Teaching Adjectives in Spanish

¡Adjetivos! ¡Adjetivos! I love teaching adjectives in my Spanish immersion class. It is a hands-on subject and fun to see how students can use what they learn in their descriptive writing as soon as they understand the concept.

Below I will share a few of my favorite activities to teach adjectives in Spanish in primary elementary classrooms K-2. Many of these could be used in Spanish world language classrooms as well if you are looking for some new ways to teach adjectives to your kids in Spanish.

I usually have my immersion students draw a picture of themselves and then I have students think of 3-5 adjectives about themselves. This allows us to have a discussion (or lesson) about adjectives that describe people. When working on adjectives in class, I make sure to ask questions about people or animals in books that we read class.

Next, we usually work on some adjectives that describe animals. The kids usually have fun with this as they learn new words in Spanish that they didn’t know before. Often they will want to know how to stay stinky, slimy, or scaly. You might want to make an anchor chart out fo these words or a list that kids can keep in their Writer’s Workshop folders or notebooks. If Spanish is not your native language, and you are asked an adjective that you don’t know or remember; don’t freak out. Look it up together with student(s). It is great for students to learn that you don’t know everything and are learning new words too.

After we cover animal adjectives, we move on to describe things and places. Again, I usually choose a common theme that everyone is familiar with, like winter, spring, the cafeteria, music class, etc. You could also do various ‘manualidades’ as centros throughout the year. Below is a picture of the snowman we made and some of the adjectives in Spanish that we came up with as a class. My students generally do these in literacy centers or on a day that we need a little break. For the literacy center, I make an example but do NOT label it with adjectives as I want students to come up with their original ideas. I sometimes precut some of the craft shapes for gluing, so students have time to focus on adjectives instead of cutting and pasting a perfect circle.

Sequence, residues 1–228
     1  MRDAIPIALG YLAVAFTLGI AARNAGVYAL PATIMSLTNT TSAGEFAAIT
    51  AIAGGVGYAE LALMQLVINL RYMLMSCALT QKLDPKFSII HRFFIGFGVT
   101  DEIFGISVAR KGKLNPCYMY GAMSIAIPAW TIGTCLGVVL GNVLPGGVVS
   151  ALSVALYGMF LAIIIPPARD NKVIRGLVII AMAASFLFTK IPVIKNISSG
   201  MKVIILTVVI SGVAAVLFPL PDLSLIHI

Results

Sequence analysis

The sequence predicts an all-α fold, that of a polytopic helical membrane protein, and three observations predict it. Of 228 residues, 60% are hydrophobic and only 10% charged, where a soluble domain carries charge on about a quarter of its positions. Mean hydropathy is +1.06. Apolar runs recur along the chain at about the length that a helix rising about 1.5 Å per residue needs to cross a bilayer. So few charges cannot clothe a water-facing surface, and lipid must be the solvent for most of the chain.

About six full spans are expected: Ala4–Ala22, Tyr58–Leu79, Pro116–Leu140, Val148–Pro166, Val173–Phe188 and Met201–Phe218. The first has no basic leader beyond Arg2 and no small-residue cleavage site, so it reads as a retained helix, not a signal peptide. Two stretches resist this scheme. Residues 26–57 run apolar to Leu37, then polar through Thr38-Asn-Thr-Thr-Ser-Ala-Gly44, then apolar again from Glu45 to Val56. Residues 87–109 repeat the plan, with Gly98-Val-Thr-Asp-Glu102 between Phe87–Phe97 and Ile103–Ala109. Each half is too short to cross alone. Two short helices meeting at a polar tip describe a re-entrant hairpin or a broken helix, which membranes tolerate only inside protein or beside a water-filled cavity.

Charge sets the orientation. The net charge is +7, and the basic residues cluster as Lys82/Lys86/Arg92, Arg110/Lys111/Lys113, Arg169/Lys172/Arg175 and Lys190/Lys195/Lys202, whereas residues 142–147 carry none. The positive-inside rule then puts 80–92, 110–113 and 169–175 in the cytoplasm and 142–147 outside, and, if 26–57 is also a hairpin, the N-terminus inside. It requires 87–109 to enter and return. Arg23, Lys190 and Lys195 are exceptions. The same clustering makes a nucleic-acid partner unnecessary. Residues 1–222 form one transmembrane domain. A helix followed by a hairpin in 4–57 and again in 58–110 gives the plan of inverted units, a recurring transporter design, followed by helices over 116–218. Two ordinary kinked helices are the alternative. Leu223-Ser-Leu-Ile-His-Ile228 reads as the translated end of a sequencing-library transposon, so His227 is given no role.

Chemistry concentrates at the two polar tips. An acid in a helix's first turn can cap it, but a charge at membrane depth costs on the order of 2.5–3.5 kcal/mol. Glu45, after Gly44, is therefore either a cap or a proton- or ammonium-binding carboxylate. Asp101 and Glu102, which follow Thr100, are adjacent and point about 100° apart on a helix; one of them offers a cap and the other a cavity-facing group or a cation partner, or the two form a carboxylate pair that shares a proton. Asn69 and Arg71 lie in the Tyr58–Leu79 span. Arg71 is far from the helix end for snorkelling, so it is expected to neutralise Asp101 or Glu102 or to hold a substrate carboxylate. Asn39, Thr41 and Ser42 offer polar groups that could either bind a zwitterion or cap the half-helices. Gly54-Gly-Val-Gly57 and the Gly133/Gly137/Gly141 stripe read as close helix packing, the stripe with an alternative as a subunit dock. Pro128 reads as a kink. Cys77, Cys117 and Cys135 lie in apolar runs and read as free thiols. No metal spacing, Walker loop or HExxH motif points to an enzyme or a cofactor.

After that we usually work on describing food– and if the kids are lucky we have a taste test to ensure our adjective game is on the mark. I try to pick a food that everyone is familiar with like popcorn, pizza, ice cream or a cookie. We usually do a taste test and talk about using all five senses to describe the food. Below you can see the anchor chart that we used to describe ‘palomitas de maiz’ in our first grade Spanish immersion class.

Students also work during centers or Daily 5 time on some worksheets or activities centered around adjectives. I have made an adjective activity pack for K-2 students and it can be found here. I use a variety of activities so that it doesn’t become repetitive or boring. We sometimes include some adjective, noun, verb sorts later in the year– depends on the group and their level.

Students love playing ‘Objeto misterioso’. You can put an object in a bag or box and have students stick their hand in and feel the object. Then a few could raise their hand and state an adjective about the object they touched. After thinking of several adjectives that describe the object, students could guess what the ‘objeto misterioso’ is. This activity could be done during the morning meeting or at the beginning (or end) of your literacy block.

This blog post was packed with ideas of how you can make your adjective unit in Spanish interesting and hands-on for your students. Do you have another way you love teaching adjectives to your students? Please share in the comments below.

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